However, rural areas are different from urban areas, and it is difficult to apply the pilot project model to rural areas because the target population in rural areas hardly access medical and care facilities. Currently, the pilot project focuses on expanding home health care and home visits to medical institutions such as hospitals and care providers such as welfare centers, and providing integrated health and care services. The problem is that rural areas lack access to healthcare and care-related infrastructure and have fewer care and healthcare workers. The Community Care Pilot Project proposes the following strategies for integrating healthcare and care: chronic disease management in residential support and nursing care, promoting home visits, intensive healthcare, home-based long-term care services, and customized rehabilitation, but rural areas are a difficult environment to implement these strategies.

The purpose of this study is to propose a community care promotion system suitable for rural environments. By analyzing the care supply and demand system in rural areas and identifying available human and material resources and possible projects, we propose a direction for community care projects led by rural residents.

Also, a system for rural residents is provided to take the lead in community care. In response to the shortage of caregivers and supply systems in rural areas, this study proposes a promotion system for residents to take the initiative in planning and participating in care. In rural areas where there is a critical shortage of care or healthcare support facilities and personnel, present a participatory framework for rural residents who are potential care providers to take an active role in community care in their area.

This study also suggests a system for linking communities, local governments, agricultural activities, and agribusiness to provide integrated care. It analyzes the possibility of linking case finding, needs assessment, care, and health care services that have been implemented by different organizations. Rather than presenting a one-size-fits-all model, this study suggests ways for various actors to work together as a caring community.

The primary focus of the study is rural seniors. Community care targets all vulnerable populations in need of care in the community, including the elderly, mentally ill, disabled, and homeless. However, given the aging rate and lack of care delivery systems in rural areas, this study focuses on the elderly and draws implications for the community care promotion system.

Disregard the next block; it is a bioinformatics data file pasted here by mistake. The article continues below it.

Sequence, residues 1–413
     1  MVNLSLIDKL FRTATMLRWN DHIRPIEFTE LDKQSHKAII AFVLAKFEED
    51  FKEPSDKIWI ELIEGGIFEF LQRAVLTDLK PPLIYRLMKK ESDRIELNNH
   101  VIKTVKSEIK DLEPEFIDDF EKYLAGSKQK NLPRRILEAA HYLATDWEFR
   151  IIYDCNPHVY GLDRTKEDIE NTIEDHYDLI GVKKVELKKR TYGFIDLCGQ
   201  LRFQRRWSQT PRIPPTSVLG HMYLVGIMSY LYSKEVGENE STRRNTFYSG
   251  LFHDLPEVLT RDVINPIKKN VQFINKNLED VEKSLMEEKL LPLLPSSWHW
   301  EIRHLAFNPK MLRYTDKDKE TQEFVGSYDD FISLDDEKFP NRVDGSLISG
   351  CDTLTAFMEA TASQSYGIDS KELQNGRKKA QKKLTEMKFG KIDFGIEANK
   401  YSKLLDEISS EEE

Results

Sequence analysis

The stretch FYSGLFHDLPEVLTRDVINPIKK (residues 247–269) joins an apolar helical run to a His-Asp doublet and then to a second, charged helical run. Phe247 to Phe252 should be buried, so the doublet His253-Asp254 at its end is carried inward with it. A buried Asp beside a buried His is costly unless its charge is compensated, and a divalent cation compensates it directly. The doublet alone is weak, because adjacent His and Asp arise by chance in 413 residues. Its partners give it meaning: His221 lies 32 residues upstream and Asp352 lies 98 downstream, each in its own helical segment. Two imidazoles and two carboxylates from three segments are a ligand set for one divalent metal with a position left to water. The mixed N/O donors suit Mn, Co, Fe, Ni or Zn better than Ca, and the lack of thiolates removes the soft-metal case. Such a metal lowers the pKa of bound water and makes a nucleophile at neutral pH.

ELDERLY CARE SYSTEMS IN SOUTH KOREA

Overview of elderly care systems

The main public elderly care services in Korea are the Long-Term Care Insurance and Elderly Personalized Care Services. According to Article 1 of the Long-Term Care Act, the Long-Term Care Insurance is a social insurance system that provides long-term care benefits such as support for physical activities and household activities to the elderly who are unable to perform daily activities alone due to reasons such as old age or senile diseases, with the purpose of improving the quality of life of the elderly by promoting their health and stabilizing their lives and reducing the burden on their families. It aims to reduce the financial burden of care for the elderly in order to promote their health and stability in their later years.

The most important feature of the Long-Term Care Insurance system is its universality. It operates as a universal care system that considers the physical and cognitive functioning status of the elderly, regardless of their income, determines a rating, and provides services according to the rating. It identifies the care needs of the entire elderly population and provides services that meet the needs of each individual.

Another feature of the system is that most organizations for providing care services under the Long-Term Care Insurance are private. The National Health Insurance Service manages and operates the system, using premiums paid by the insurance subscribers and government subsidies. However, the organizations or facilities providing care are not public institutions, but private facilities established under the Elderly Welfare Act. Therefore, it is difficult to ensure sufficient supply in places where absolute demand is low and profitability is lacking, such as rural areas.

The Elderly Personalized Care Services is a care service provided by local governments that provides care for the elderly who have difficulty in performing daily activities but are not eligible for the Long-Term Care Insurance. It aims to ensure a stable old age and maintain the health and physical function of the elderly, preventing them from entering high-cost care services such as the Long-Term Care Insurance.

The Elderly Personalized Care Service is an optional care system and not all elderly people are eligible for the service. Service recipients must not be eligible for similar programs, such as those aged 65 or older who receive the National Basic Livelihood Program and the next higher tier, or those who receive the Basic Pension Program and are eligible for the Long-Term Care Insurance. For example, elderly people who need care, such as elderly people living alone, grandparents, or elderly households, or elderly people who suffer from physical decline, cognitive decline, depression, or are at high risk of loneliness or suicide, must meet certain income standards.

DEMAND FOR RURAL ELDERLY CARE

According to Table 1, it is estimated that about 1.95 million elderly people, or 24.3% of the 8.03 million elderly people aged 65 and over in Korea, are potential care seekers who have difficulty leading their daily lives. Based on the Activities of Daily Living (ADL) and Instrumental Activities of Daily Living (IADL), 74.7% of the elderly have no functional limitations, leaving 25.3% who need care.